Skip to main content
It looks like you're using Internet Explorer 11 or older. This website works best with modern browsers such as the latest versions of Chrome, Firefox, Safari, and Edge. If you continue with this browser, you may see unexpected results.

Evaluating Sources: Is it Primary or Secondary?

Is it Primary or is it Secondary?

PRIMARY sources are original sources or artifacts that document and provide evidence for an idea, event, person, or place. These can be written materials, audio or visual media, physical objects - almost anything!

Primary sources are important because they are the original source of our knowledge about someone or something, and are first-hand or contemporary to the event.. 

Researchers often find certain types of materials to be more important in different disciplines, although this depends on the research need and the information that is available. For example, newspaper articles, oral histories, and diaries or letters are important primary sources for historians, while scientists are more likely to use natural specimens, notes from lab experiments, or patents. Primary sources may located using the library catalog, databases, and internet search engines.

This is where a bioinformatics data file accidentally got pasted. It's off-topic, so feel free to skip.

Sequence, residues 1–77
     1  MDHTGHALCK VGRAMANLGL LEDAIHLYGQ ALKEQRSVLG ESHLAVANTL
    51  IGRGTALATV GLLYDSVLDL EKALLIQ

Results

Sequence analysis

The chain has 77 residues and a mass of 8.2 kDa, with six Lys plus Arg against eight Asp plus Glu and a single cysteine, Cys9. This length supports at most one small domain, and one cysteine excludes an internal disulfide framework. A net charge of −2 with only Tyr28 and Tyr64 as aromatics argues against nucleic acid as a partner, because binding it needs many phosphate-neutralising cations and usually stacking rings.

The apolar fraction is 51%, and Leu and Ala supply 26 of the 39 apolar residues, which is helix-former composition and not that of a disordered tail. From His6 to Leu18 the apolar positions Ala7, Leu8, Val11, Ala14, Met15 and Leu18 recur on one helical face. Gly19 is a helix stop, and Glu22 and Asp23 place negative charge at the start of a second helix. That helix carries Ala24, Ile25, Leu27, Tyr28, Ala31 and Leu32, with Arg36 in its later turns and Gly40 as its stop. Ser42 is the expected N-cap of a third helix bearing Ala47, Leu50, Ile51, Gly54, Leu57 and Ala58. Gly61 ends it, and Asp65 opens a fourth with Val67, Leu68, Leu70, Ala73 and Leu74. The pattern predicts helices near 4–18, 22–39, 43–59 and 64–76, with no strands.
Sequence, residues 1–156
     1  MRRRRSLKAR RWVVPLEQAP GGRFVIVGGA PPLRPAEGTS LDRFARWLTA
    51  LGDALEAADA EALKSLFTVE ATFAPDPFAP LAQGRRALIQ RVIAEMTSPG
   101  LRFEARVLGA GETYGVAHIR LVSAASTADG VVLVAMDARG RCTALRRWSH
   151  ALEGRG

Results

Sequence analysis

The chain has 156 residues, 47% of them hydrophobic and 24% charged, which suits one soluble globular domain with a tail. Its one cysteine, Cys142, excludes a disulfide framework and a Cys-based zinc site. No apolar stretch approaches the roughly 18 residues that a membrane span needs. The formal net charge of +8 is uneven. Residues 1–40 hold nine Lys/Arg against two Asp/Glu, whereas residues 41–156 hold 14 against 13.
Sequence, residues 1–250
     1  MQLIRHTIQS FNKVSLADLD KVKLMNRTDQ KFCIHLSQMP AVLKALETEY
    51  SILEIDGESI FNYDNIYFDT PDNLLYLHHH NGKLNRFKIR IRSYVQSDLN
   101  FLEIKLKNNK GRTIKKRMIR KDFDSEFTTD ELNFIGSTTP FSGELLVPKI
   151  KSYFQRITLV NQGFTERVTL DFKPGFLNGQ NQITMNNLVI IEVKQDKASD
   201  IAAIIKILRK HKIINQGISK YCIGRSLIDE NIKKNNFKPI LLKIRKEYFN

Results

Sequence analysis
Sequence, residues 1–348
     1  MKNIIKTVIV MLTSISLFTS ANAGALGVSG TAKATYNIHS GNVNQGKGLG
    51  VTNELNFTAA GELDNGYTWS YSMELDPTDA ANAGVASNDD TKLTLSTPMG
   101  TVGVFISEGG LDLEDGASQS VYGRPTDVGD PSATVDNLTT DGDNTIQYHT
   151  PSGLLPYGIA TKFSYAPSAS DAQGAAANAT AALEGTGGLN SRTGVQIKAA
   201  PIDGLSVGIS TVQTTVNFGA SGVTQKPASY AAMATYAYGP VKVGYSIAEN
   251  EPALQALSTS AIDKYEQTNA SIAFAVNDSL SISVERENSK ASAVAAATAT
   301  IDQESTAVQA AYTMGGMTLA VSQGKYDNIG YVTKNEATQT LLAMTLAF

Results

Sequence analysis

Examples of primary sources include:

  • reports of original research, often published in scholarly journals or books.
  • original works of fiction (i.e. novels, plays, poems and stories).
  • original works of art (i.e. paintings, drawings, sculptures and photographs).
  • manuscripts, correspondence, diaries and autobiographies, interviews and other first-hand accounts.
  • contemporary news stories.
  • objects and artifacts.
  • research notes, raw data and statistics.

SECONDARY sources are removed one or more steps from the original item, time or creator. There is a layer of interpretation made by a second party.

Examples of secondary sources include:

  • summaries or analyses of research done by others.
  • biographies.
  • art reproductions (i.e. a poster of the Mona Lisa).
  • reviews of books, movies, art shows, plays and other performances.
  • summaries or analyses of past events.
  • textbooks and encyclopedias.

Please note that Primary and Secondary classifications are NOT the same as Popular and Scholarly!

Your Librarian

Laurie Preston's picture
Laurie Preston
Contact:
McGraw-Page Library
Randolph-Macon College
P.O. Box 5005
305 Henry Street
Ashland VA 23005-5505
804-752-4718